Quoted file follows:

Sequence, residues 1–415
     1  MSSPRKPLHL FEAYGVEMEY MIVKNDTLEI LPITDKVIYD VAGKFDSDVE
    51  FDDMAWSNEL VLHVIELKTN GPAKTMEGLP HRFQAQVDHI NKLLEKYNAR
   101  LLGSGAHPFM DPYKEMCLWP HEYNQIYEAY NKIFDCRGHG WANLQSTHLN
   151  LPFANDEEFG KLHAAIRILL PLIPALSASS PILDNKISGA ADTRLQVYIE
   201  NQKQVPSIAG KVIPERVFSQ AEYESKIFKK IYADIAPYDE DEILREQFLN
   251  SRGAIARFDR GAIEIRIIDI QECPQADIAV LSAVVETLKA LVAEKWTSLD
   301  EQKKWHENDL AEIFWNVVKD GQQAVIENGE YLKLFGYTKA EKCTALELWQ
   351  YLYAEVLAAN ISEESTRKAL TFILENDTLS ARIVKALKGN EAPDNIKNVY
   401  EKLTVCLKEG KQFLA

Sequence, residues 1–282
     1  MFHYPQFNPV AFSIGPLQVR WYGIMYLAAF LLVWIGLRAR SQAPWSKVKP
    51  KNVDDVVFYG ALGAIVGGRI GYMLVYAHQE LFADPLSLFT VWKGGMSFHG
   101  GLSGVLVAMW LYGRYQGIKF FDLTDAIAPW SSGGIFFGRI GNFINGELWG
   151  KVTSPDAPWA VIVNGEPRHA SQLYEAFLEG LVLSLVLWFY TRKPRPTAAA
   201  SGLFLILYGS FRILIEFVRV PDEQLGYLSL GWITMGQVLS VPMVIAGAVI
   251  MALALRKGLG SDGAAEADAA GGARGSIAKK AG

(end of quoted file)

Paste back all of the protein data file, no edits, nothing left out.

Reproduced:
Sequence, residues 1–415
     1  MSSPRKPLHL FEAYGVEMEY MIVKNDTLEI LPITDKVIYD VAGKFDSDVE
    51  FDDMAWSNEL VLHVIELKTN GPAKTMEGLP HRFQAQVDHI NKLLEKYNAR
   101  LLGSGAHPFM DPYKEMCLWP HEYNQIYEAY NKIFDCRGHG WANLQSTHLN
   151  LPFANDEEFG KLHAAIRILL PLIPALSASS PILDNKISGA ADTRLQVYIE
   201  NQKQVPSIAG KVIPERVFSQ AEYESKIFKK IYADIAPYDE DEILREQFLN
   251  SRGAIARFDR GAIEIRIIDI QECPQADIAV LSAVVETLKA LVAEKWTSLD
   301  EQKKWHENDL AEIFWNVVKD GQQAVIENGE YLKLFGYTKA EKCTALELWQ
   351  YLYAEVLAAN ISEESTRKAL TFILENDTLS ARIVKALKGN EAPDNIKNVY
   401  EKLTVCLKEG KQFLA

Sequence, residues 1–282
     1  MFHYPQFNPV AFSIGPLQVR WYGIMYLAAF LLVWIGLRAR SQAPWSKVKP
    51  KNVDDVVFYG ALGAIVGGRI GYMLVYAHQE LFADPLSLFT VWKGGMSFHG
   101  GLSGVLVAMW LYGRYQGIKF FDLTDAIAPW SSGGIFFGRI GNFINGELWG
   151  KVTSPDAPWA VIVNGEPRHA SQLYEAFLEG LVLSLVLWFY TRKPRPTAAA
   201  SGLFLILYGS FRILIEFVRV PDEQLGYLSL GWITMGQVLS VPMVIAGAVI
   251  MALALRKGLG SDGAAEADAA GGARGSIAKK AG